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Why is construction so backward? - reviewed by Michael Hulme

We are grateful to Michael Hulme, Director, International Centre for the Study of Media, Technology and Culture, for his review of Why is construction so backward? If you wish to contribute your critical review please email Ian Abley.

Why is construction so backward? James Woudhuysen, Ian Abley, Stefan Muthesius and Miles Glendinning

The author's central argument is that house building policy in the UK is doomed to exacerbate an already chronic shortage of housing. The author's believe this is due to a mixture of erroneous, romantic and irrational assumptions on which the sector operates. Whilst contentious this does raise interesting, and fundamental questions affecting the housing industry.

Questions include whether the protection of green fields in favour of brown field development is emotionally or rationally based? Is the assumption that most building projects are unique and that the bulk of construction will always happen on site a valid one? Does the current nature of architect/contractor/sub-contractor relationships and contracts enable or disable the achievement of effective results?

Clearly there are issues that go much wider than just the industries current environment, and the author's explore the causes and the public policy context-giving rise to the 'backwardness' of the industry the author's claim to have identified.

The coverage of the Stirling Award for Building of the Year 2003 demonstrated that those involved in construction have an astonishing degree of consensus, although the evidence presented by the authors suggests that the direction of this consensus is entirely misguided. One of the short listed projects was a housing project with impressive environmental credentials, and the judges made but a passing reference to the cramped space standards assuming that this was an acceptable inconvenience. Another was a bespoke house using a very small piece of brown field land. The winner was a building housing the largest purpose built dance centre in Europe.

The sector clearly views itself as politically correct, creative and progressive. In contrast the authors claim that those in a position, even with a responsibility for a vision, to lead a truly innovative approach to house building (namely architects) have by their terms failed.

The book is much more than a purely negative critique. The authors propose a radical and rational solution involving the use of green field, the development of a volume, quality, pre-fabrication house manufacturing industry. This would capitalise on new materials, knowledge and techniques, building to stock. They also propose the development of architectural careers into 'specialist integrators' (designers for the manufacturing industry) and generalist leaders (of which there would be very few). Doubtless this will not be popular with architects who choose this profession over engineering for it's 'creativity'.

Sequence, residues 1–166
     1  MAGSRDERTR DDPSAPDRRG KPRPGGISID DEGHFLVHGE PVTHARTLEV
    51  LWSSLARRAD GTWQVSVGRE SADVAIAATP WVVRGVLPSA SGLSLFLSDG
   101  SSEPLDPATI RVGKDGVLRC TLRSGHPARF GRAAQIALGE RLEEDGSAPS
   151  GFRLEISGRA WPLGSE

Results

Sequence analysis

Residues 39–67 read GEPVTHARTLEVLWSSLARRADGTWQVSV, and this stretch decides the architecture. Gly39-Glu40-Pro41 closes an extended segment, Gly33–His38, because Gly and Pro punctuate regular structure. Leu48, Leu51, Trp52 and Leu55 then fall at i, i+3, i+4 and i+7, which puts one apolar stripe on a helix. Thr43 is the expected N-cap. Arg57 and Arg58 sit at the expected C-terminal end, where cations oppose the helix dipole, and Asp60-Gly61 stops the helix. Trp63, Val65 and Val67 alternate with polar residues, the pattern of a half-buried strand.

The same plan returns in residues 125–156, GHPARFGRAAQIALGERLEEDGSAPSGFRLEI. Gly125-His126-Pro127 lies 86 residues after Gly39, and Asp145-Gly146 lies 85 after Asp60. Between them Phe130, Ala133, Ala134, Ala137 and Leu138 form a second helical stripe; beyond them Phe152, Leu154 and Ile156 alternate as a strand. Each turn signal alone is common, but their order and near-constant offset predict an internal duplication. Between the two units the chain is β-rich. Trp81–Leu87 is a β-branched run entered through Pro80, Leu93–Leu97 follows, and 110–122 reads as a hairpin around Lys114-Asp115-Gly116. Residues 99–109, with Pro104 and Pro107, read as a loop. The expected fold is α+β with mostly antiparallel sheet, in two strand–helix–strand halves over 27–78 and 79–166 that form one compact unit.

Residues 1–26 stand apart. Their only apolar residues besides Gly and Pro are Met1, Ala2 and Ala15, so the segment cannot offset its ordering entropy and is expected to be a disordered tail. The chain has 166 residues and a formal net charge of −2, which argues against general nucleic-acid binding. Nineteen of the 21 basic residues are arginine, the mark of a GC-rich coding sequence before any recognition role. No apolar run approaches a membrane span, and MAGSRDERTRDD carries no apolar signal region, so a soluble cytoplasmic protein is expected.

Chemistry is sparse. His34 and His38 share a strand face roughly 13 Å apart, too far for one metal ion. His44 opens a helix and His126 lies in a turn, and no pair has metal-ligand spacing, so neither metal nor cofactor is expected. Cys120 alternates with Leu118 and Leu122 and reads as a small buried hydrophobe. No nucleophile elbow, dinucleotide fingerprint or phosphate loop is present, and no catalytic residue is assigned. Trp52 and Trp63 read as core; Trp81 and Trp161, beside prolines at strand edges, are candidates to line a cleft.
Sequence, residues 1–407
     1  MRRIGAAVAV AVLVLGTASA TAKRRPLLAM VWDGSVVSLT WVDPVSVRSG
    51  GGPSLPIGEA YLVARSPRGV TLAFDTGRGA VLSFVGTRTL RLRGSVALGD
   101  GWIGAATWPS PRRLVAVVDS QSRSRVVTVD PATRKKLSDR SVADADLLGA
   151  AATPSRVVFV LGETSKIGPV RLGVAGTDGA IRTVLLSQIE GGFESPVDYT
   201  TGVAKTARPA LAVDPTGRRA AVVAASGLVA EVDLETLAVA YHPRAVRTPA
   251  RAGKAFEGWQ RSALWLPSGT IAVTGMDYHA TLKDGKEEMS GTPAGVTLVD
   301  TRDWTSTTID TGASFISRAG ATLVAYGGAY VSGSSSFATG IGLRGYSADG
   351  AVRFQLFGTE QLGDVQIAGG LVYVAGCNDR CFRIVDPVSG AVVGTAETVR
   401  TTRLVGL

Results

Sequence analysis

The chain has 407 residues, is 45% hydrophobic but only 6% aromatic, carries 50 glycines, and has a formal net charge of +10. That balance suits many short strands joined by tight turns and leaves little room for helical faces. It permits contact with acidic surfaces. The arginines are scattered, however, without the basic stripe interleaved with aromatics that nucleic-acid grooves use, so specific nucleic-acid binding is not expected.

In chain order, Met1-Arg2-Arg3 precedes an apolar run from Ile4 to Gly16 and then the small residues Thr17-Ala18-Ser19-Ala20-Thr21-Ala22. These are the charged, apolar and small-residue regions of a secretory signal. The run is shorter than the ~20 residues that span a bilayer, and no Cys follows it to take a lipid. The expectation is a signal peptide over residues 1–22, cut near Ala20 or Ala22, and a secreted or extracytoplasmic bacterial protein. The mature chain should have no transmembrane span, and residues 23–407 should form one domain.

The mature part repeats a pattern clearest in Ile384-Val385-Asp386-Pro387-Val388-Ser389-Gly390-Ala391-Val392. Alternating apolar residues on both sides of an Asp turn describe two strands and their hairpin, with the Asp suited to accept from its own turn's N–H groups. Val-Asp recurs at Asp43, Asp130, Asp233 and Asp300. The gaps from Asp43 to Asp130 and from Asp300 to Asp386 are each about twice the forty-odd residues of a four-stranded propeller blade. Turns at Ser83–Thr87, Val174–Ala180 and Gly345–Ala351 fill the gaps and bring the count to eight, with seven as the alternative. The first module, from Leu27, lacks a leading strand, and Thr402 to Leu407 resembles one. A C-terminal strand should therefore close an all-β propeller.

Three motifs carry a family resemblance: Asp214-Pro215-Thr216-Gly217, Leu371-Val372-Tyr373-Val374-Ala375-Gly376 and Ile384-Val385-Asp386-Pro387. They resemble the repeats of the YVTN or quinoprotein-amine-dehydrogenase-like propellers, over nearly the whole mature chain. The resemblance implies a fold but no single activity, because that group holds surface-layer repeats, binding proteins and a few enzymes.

The authors do not consider the potential effects on the economy of housing supply meeting demand, a key objective of the proposed solution. They also do not question why the 'naturalist', 'environmental' and 'politically correct' is so attractive - not just to professionals, but to the inhabitants of homes themselves. In the case of the environmental community finalists in the Sterling Award, their houses have experienced a greater increase in value than comparable non-environmental homes, demonstrating a willingness by some to pay a premium, despite the poor space standards. The rational basis adopted by the author's fails to take account of the role on the psyche of a home, rather than a house.

The judges of the Stirling Award were remarkable in their pride for the 'gentlemanly' manner in which they reached a verdict. Perhaps the introspection of the Architects, Planners and Politicians involved in urban and housing policy and planning needs a little turmoil.

Whatever one may make of the persuasive, at times heavily prescriptive, argument providing the core of this book, perhaps the point is not so much the argument, but that it is argumentative.

It may provide the catalyst for a wider and more informed debate on the future of housing policy fit for this Millenium.

Michael Hulme, Director, International Centre for the Study of Media, Technology and Culture, Henley Management College

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Sustaining Architecture in the Anti-Machine Age, edited by Ian Abley and James Woudhuysen

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